Due to some great efforts by the American Lung Association and similar health organization over the last few decades, people have generally accepted the connection between lung cancer and cigarette smoking.
Although this has been significant to society and has helped push down rates of smoking and cancer, there’s still more education and awareness that’s needed about this type of cancer.
For one thing, word needs to spread that it isn’t just smokers who can be diagnosed with lung cancers. Some people who have been smoking for years don’t have any health problems, and some people who have never taken a puff in their life may be diagnosed with some types of lung cancer. Environmental conditions may contribute to an increased cancer risk, and there are other factors as well.
Various health organizations encourage people to learn about lung cancer, especially some of the risk factors. After all, with many cancers, prevention is key, as well as early treatment. The sooner treatment can begin the higher the survival rate. The opposite is true too: if cancer is discovered when it’s already advanced, the likelihood of beating it is slimmer.
With lung cancer, there are some possible indicators that this cancer may be present. Even though some symptoms might be unrelated – a cough, for instance can be a sign of many health conditions – when added together with other common symptoms, it may encourage a provider to want to look in the direction of lung cancer or other cancers.
General education is vital.
According to the American Cancer Society, lung cancer is the second most-common cancer for men and women, and the leading cause of cancer deaths in the U.S. About 1 in 5 cancer deaths are due to some type of lung cancer.
Prostate cancer is still the most common cancer for men, and breast cancer is the most common for women, but both of these have a lower mortality rate.
Recent data shows that there are 127,070 deaths from lung cancer, including 59,910 women and 67,160 men, and about 238,340 cases diagnosed each year.
Any age can be diagnosed with lung cancer but it is more common for older people – the average age for diagnosis is 70.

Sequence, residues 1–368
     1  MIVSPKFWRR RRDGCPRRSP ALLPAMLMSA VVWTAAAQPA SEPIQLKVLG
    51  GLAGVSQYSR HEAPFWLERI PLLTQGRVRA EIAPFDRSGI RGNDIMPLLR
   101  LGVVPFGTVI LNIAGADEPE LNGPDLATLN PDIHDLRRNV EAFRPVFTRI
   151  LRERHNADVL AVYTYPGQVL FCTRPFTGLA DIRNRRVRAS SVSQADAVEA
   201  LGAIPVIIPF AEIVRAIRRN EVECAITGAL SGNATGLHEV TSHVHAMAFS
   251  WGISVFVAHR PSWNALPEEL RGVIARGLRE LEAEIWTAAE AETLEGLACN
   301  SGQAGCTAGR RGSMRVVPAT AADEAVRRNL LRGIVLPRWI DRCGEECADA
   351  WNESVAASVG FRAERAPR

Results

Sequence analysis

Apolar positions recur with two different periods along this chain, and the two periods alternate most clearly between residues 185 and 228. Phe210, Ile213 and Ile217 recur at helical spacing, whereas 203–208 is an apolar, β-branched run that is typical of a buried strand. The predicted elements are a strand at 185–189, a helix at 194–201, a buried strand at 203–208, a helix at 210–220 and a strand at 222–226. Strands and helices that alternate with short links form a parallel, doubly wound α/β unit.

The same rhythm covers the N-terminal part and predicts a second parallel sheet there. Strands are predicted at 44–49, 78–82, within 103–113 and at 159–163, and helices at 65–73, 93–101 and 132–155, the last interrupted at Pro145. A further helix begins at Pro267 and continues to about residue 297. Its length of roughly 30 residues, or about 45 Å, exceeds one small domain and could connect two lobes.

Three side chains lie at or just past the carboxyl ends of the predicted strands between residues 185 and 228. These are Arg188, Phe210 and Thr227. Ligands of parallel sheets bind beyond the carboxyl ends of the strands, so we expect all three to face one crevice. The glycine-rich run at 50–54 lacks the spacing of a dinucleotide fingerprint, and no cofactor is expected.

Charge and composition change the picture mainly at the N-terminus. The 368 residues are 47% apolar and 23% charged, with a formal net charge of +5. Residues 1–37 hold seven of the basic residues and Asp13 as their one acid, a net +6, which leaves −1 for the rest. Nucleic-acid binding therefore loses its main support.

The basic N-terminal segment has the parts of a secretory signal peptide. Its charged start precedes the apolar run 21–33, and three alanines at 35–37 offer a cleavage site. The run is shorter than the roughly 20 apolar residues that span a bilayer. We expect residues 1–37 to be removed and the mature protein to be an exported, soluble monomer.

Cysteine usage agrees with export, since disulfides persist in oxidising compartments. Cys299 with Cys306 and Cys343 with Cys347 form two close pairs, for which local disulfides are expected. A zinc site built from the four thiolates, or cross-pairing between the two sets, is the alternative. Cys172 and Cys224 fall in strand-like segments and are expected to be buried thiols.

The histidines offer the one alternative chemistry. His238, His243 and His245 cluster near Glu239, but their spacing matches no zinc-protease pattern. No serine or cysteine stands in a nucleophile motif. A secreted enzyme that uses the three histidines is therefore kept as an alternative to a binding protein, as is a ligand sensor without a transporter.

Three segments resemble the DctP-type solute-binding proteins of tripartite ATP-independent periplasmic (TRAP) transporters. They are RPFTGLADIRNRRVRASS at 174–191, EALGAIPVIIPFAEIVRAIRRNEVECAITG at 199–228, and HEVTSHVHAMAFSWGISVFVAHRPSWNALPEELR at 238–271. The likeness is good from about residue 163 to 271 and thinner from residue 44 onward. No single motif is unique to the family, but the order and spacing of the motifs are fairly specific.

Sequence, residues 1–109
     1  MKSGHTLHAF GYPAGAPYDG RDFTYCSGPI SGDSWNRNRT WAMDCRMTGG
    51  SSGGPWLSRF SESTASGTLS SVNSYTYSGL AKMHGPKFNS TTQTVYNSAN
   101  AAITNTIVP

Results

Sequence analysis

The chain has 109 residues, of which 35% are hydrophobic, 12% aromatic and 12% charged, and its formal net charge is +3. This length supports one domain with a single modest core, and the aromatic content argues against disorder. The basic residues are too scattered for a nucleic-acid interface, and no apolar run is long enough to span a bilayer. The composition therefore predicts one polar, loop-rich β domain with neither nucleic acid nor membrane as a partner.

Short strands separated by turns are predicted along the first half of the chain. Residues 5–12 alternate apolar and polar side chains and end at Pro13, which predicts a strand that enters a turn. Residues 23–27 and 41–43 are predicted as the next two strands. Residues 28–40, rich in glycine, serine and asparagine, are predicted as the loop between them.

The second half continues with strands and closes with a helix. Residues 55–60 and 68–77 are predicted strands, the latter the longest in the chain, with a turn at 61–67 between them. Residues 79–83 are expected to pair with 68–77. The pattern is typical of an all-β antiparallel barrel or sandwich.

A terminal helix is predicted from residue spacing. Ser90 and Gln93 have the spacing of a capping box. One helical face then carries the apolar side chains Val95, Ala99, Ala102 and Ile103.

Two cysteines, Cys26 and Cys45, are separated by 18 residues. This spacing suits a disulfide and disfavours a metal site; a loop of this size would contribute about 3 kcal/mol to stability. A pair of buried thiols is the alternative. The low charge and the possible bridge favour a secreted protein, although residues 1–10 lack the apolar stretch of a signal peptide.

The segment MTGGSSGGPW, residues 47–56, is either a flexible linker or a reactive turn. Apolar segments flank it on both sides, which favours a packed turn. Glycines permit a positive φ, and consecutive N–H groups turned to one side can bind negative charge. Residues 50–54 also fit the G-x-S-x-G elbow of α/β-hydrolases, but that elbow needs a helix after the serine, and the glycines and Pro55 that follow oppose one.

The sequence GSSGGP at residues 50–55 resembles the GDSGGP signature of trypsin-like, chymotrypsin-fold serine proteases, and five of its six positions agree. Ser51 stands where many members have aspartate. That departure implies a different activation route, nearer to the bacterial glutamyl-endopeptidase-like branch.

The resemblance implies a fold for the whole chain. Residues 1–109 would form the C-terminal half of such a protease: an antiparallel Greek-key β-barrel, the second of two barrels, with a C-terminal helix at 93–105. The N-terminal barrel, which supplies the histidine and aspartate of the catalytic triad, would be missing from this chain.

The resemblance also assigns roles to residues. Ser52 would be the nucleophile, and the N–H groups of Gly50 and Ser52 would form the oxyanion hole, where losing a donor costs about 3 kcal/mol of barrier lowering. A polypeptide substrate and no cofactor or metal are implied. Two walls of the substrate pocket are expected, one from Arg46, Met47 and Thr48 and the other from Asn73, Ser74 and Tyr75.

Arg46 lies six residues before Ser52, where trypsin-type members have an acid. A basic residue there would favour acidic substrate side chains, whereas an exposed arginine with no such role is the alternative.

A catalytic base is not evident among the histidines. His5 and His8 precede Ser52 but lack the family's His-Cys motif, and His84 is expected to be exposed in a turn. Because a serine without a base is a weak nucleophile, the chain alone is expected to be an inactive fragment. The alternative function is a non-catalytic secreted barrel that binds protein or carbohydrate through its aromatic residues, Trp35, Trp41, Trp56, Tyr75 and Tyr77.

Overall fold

Smoking does play a role: the Centers for Disease Control and Prevention estimate that it is a factor in about 80 percent of lung cancers. It also develops in about 20 percent of smokers. Smokers are also likely to increase their risk of other cancers in the body, not just the lungs.
That still leaves other non-smokers or past smokers: research into smoking has shown that one’s risk increases after each cigarette, but the longer someone goes without smoking, the more their overall health improves.
Even if someone doesn’t directly smoke but spends time near smokers, they can still be susceptible to health risks. This can include everything from being in a car with someone who smokes to having a roommate or co-worker who smokes indoors.
Other risk factors include family history of lung cancer and cancer in general, plus overall physical and mental health. Being around carcinogens can also increase the risk, everything from being part of a fire crew that deals with smoke regularly to heavy metal contamination. Radon, a clear, invisible gas, also may increase the risk of cancer.
Diet also plays a role, especially since a healthier diet can have all sorts of benefits, and an unhealthy diet can include various carcinogens or artificial flavorings and colors.
Cancer signs to look for
Some people may feel fine and still be diagnosed with lung cancer. Others may begin to show some of the possible symptoms, including:
- A chronic cough that doesn’t seem to improve.
- Increasing amounts of frequencies having difficulty catching one’s breath.
- Chest pain
- Coughing up blood, even in small amounts
- Increased fatigue
- Increased headaches
- Rapid weight loss
Providers are encouraged to be familiar with these different symptoms, and then consider various testing methods, including the LDCT screening.
Whether or not cancer is formally detected, a provider also can share tips about methods to stop smoking since doing so can boost health dramatically.
One option for non-smokers includes gum, which a provider can prescribe.
Fall is a good time to start increasing what you know about lung cancer. People are heading inside more now that summer is over and may have more time on their hands.
The month of November has been designated Lung Cancer Awareness Month, an annual observance that was made official in 2022.
It’s a time where everyone is encouraged to learn more about what the condition is, and how to get assistance if they need it, or what sort of preventative methods are available.
This year’s theme of the Lung Initiative is “Hope,” and invites people to give what they can to promote further efforts into cures.